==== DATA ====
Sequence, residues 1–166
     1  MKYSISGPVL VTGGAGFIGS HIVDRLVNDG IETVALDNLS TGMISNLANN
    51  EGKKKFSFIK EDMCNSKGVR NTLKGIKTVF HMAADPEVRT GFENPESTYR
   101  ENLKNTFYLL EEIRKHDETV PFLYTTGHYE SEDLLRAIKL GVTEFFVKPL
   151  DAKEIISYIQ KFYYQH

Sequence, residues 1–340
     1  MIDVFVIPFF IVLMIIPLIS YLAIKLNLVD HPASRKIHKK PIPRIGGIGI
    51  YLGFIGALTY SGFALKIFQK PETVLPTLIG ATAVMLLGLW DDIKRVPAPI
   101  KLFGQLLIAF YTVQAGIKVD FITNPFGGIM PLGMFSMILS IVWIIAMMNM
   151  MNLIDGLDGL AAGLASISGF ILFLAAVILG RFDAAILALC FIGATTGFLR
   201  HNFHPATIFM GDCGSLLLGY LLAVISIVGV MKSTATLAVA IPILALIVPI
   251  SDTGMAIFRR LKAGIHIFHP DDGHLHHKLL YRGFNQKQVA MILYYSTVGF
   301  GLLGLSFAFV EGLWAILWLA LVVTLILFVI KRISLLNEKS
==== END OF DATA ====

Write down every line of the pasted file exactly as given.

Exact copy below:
Sequence, residues 1–166
     1  MKYSISGPVL VTGGAGFIGS HIVDRLVNDG IETVALDNLS TGMISNLANN
    51  EGKKKFSFIK EDMCNSKGVR NTLKGIKTVF HMAADPEVRT GFENPESTYR
   101  ENLKNTFYLL EEIRKHDETV PFLYTTGHYE SEDLLRAIKL GVTEFFVKPL
   151  DAKEIISYIQ KFYYQH

Sequence, residues 1–340
     1  MIDVFVIPFF IVLMIIPLIS YLAIKLNLVD HPASRKIHKK PIPRIGGIGI
    51  YLGFIGALTY SGFALKIFQK PETVLPTLIG ATAVMLLGLW DDIKRVPAPI
   101  KLFGQLLIAF YTVQAGIKVD FITNPFGGIM PLGMFSMILS IVWIIAMMNM
   151  MNLIDGLDGL AAGLASISGF ILFLAAVILG RFDAAILALC FIGATTGFLR
   201  HNFHPATIFM GDCGSLLLGY LLAVISIVGV MKSTATLAVA IPILALIVPI
   251  SDTGMAIFRR LKAGIHIFHP DDGHLHHKLL YRGFNQKQVA MILYYSTVGF
   301  GLLGLSFAFV EGLWAILWLA LVVTLILFVI KRISLLNEKS